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Linguistics Program

In Memoriam

In our close community in the South Carolina Linguistics Program, we form enduring friendships that last long beyond the time we spend here. Below, you can read our thoughts and feelings about those we have lost by faculty, students, and friends.

Michael Bryant Montgomery
May 15, 1950 - July 24, 2019

Obituary

I cannot express how deeply sorry I am to hear of Michael Montgomery's passing. I first met Michael when I was a graduate student at The Ohio State University in the mid-1990s. At the recommendation of my advisor, I reached out to Michael for assistance in collecting data for my dissertation on Gullah, a contact variety spoken along the coast of South Carolina and Georgia. At the time, I was planning on doing my research on tense and aspect in Gullah and African American English. However, Michael convinced me that the project that I had in mind was ill-advised and that I should switch to examining the copula. The rest, they say, is history. Michael put me in touch with two members of the Gullah community, who ultimately became the primary contacts for my dissertation field work (and have remained close friends and colleagues ever since). And he loaded me up with lots of articles, books, and resources that he thought I might need in order to get started on my research. 

In 2000, I accepted a position in the English Department and the Linguistics Program at the University of South Carolina as a replacement hire following Michael’s retirement. It was an honor to have the opportunity to walk in the footsteps of someone who had been so instrumental in helping me complete my degree. For over 20 years, Michael continued to share materials with me, often with a personalized note suggesting how I might find them useful. I discovered the most recent package of books waiting for me in my office mailbox about a week after he had passed away. 

Needless to say, Michael was a mentor, colleague, and friend for whom I am deeply grateful and to whom I am deeply indebted. He leaves a tremendous legacy of research and scholarship that will continue to nourish scholars of Linguistics, English, and Appalachian Studies for many years to come. I am fortunate to have known Michael and will miss him dearly. But I will always remember and admire him for his brilliant mind, tenacious spirit, generous soul, and charming personality. Rest in peace, Michael. And thank you.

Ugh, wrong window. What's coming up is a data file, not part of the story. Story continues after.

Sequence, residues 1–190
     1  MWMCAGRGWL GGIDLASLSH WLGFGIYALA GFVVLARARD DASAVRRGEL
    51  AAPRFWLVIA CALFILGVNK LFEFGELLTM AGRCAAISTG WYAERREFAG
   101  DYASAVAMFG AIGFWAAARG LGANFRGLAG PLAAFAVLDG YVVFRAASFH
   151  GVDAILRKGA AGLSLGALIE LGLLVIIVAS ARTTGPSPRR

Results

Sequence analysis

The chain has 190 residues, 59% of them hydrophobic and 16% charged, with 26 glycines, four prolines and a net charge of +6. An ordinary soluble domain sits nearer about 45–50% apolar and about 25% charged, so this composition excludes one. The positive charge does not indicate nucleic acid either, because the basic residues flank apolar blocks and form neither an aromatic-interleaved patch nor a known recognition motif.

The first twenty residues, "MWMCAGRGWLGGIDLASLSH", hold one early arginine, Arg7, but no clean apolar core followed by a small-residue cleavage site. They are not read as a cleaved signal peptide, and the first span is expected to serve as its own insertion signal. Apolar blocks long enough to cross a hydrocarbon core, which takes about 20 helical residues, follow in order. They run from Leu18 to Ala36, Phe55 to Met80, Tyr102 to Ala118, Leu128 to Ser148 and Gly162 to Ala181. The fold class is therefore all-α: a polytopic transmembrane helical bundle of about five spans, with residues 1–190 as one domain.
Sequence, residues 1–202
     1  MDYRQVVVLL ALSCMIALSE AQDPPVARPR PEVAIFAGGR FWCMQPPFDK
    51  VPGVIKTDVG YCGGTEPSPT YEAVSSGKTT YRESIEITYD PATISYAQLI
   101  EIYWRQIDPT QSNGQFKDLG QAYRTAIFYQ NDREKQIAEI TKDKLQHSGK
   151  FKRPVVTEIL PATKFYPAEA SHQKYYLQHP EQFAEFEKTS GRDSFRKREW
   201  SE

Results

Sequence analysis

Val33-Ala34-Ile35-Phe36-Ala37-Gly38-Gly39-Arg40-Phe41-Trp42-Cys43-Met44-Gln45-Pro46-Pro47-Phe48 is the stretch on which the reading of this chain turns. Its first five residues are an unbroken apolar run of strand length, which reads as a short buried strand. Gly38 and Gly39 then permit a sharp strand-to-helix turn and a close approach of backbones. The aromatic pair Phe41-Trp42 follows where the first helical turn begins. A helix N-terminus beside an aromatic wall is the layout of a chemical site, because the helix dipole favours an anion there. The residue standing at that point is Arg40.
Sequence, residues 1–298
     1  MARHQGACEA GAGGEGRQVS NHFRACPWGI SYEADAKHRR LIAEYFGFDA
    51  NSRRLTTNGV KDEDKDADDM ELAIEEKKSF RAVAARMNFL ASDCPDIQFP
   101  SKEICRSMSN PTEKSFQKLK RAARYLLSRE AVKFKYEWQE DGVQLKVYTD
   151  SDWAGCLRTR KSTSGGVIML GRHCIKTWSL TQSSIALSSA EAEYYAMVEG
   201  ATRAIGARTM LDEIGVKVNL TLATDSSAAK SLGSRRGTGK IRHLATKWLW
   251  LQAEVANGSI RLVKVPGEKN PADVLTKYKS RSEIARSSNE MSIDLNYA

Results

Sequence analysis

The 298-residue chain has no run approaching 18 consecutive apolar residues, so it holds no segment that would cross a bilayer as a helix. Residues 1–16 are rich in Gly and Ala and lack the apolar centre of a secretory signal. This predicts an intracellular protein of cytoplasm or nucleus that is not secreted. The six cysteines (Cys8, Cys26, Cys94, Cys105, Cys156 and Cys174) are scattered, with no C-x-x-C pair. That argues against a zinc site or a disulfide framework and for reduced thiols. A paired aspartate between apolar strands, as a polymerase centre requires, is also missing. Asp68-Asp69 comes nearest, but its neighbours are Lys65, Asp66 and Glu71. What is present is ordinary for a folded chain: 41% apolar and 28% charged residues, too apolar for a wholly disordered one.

-- Tracey L. Weldon, Associate Professor of English and Linguistics, UofSC

Michael was one of the bravest and most dedicated scholars I have ever known. His dedication to his research and to his students was as inspiring as it was humbling. Those here who he encountered were better for their having had the encounter. I believe that the example he set for others lives on in their work and their lives, and in the world at large.

-- Stanley Dubinsky, Professor of English and Linguistics, UofSC

When I think of Michael Montgomery, the words that come to mind are scholar, mentor, and friend. He was a scholar of the highest order. His work was foundational to what I do. His dictionary and description of Appalachian speech was central to many of the questions that I currently pursue. Further, he was not afraid to question assumptions or to allow his assumptions to be questioned. Many of his papers were my starting points, and as we say, if I see a little further, it is only because I am standing upon the shoulders of giants, and he was a giant scholar. 

I also got to experience the mentor side of Dr. Montgomery. He was a tireless mentor, always ready with advice and guidance. He helped me to see the niche that I could fill, and also encouraged me to find other questions to ask or roles to fill. When I told him of my interest in bridging the gap between the sister disciplines of sociolinguistics and speech-language pathology, he was thrilled. He pointed me to resources and reading that would help. Also, he helped improve my writing. Many times, a draft would come back with numerous comments. Some were stylistic, but many were to help me think deeper and in new ways about how to express (or express more clearly) what I wanted to say. I grew as a scholar and as a researcher from this. 

Finally, I got to know M2 (what I called him) as a dear friend. We traveled many hours and many miles together. We laughed, we told stories, and we talked about hopes and dreams. We shared a love of sports, especially college sports, and spent many a session discussing the fortunes of our favorite team – UT. Also, he was a man of faith, and I am too. We were able to bond in that respect. I will miss these conversations as friends as much as anything.

 Rest in Peace, dear friend. You will be missed and missed greatly.

-- Paul Reed, Assistant Professor of Communicative Disorders, The University of Alabama

 


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